Are there any life lessons or life changing moments from your experiences in The Gambia that you can share? Why was this so important?
This trip in particular, I was hyper aware of “time”. My late Grandfather’s brother (he’s about 90?) was staying with us due to health complications and I remember my brothers and I discussing all our stories from childhood that involved his energetic character. Like I said before, as the younger generation, I think we’re concerned with our future, but I think we forget sometimes that the older generation are also entering a new stage in life, a stage where we as the youth are responsible to support and care for them. This was a very touching (and equally overwhelming) realization, especially considering that I am away from my family for extended periods. Seeing my parents, my great aunties & uncles settle into a mature part of this life cycle is very eye opening. I guess I would not really call in life-changing in that sense it’s more a reminder to enjoy little moments, because nothing is really every guaranteed. On my trip to Gambia, I always visit the village/town where my Dad is from (It’s called Bansang), and this particular trip was different, most of the elders have passed on, the town is quiet and you barely see people on the streets anymore.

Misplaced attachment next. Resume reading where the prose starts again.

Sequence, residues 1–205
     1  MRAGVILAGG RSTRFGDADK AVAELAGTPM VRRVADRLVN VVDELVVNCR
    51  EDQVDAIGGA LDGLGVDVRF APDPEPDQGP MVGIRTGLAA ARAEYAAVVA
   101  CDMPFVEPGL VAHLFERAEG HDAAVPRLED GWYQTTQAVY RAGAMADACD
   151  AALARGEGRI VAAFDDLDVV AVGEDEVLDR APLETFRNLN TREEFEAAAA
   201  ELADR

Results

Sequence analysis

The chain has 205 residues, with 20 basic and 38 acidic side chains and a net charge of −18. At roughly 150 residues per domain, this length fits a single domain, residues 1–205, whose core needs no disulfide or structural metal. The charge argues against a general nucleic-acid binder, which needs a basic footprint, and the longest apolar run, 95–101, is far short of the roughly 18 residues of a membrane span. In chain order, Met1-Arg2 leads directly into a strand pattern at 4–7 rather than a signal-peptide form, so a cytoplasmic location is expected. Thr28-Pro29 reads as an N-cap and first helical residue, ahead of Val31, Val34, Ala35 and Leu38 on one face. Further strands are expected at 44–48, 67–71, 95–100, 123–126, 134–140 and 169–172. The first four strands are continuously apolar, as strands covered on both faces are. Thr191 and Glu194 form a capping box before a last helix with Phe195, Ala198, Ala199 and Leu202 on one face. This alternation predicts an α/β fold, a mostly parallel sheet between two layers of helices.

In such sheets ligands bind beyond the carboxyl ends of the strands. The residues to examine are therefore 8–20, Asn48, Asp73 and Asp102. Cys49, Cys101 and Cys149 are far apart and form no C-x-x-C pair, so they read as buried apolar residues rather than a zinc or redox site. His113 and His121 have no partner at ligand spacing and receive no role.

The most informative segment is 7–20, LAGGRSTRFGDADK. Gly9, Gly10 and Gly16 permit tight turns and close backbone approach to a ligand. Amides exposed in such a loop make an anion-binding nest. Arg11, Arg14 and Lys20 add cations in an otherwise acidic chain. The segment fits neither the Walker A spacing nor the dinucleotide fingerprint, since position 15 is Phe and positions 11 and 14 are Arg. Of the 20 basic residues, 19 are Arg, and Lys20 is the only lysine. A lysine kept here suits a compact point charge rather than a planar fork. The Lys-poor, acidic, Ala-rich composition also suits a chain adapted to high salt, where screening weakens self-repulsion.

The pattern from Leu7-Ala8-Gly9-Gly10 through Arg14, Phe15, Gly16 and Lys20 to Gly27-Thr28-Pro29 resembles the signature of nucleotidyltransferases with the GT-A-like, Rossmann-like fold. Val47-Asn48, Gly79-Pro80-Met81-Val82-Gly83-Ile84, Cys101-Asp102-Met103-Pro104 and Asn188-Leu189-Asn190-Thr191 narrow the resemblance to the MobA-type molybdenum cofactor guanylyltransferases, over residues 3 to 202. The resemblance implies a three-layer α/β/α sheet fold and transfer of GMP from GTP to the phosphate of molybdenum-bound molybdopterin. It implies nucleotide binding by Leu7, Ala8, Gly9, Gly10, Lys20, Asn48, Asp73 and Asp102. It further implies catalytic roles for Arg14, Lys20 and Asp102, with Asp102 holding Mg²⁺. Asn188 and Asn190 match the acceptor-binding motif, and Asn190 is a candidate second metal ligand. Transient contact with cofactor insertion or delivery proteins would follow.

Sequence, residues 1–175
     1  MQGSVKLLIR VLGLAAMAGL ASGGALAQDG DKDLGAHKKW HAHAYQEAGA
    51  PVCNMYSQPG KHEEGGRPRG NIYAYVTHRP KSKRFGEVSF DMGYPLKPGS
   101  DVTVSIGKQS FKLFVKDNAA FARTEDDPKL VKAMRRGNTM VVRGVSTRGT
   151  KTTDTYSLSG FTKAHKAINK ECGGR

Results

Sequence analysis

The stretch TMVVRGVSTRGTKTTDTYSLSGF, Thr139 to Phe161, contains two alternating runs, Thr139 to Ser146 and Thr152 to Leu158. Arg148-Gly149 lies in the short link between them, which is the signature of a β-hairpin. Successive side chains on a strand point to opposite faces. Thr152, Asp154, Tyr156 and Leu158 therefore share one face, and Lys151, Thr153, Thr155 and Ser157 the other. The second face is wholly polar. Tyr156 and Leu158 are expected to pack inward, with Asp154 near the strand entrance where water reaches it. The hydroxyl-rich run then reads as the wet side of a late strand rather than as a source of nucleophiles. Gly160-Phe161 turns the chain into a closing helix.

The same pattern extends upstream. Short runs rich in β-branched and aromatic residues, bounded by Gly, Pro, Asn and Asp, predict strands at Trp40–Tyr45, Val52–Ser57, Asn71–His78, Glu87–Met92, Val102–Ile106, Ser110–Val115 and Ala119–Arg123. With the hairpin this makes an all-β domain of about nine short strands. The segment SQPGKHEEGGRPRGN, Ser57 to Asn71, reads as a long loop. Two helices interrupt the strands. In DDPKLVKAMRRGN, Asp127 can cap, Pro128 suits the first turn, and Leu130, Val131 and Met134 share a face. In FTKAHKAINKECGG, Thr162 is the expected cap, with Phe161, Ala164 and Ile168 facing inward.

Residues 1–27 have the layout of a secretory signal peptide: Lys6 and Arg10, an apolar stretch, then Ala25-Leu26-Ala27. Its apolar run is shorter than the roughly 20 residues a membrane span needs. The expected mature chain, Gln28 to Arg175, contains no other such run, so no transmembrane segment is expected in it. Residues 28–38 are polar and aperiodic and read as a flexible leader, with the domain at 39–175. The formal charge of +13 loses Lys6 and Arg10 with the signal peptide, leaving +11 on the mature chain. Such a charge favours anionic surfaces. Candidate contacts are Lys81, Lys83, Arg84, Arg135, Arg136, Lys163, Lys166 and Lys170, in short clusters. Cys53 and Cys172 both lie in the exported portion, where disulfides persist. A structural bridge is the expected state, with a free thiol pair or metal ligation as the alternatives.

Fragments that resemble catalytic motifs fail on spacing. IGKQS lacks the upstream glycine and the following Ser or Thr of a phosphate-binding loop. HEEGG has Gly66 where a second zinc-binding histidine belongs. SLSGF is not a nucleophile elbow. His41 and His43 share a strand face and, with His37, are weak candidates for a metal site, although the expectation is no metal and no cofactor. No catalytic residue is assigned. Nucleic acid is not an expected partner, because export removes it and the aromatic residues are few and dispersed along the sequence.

Cape Point Beach (Growing up a 5-minute walk from the beach was and still is amazing)
How does going home affect you creatively? Why?
It’s almost as if when I’m home, my work feels less like I’m trying to just produce content and instead it feels like I am just experiencing the space and the people. It’s funny, when I first started with photography, every time I would be home, I would be very reluctant and shy to bring out my camera, mainly because I didn’t want people to view me in a certain way. It’s hard to explain and fully unpack in this question - I think as a woman in the in the Gambia, in the past it has been easy in some instances to be labelled for pursuing certain forms of creative expression, so this trip felt very different for me. I met a few Gambian creatives that live in Gambia and others from the diaspora who I was able to connect. This was the first time I think where bringing my camera with me to most places was a no brainer, seeing others express themselves gave me a warm confidence which I brought back to Toronto with me. My work feels different, it feels lighter, it feels less rushed, and it feels more authentic to myself. Creatively, I’m learning to be more patient with my process, but also making sure that I am not taking too long (we all know that’s when self-doubt starts to creep in). This trip changed me definitely, I met musicians, other photographers, poets, writers, and the energy I got from those people has fueled me, to not only work harder, but to maintain a relationship with others that admire, appreciate and create art. There are more projects that I wanted to do in Gambia, but between juggling the usual family visits and spending time with my family, I was not able to do everything I wanted creatively, which is okay, because now I know I can do with support.
Special thanks to Aisha Jallow for sharing her story. If you like content like this please share and subscribe to our mailing list for updates.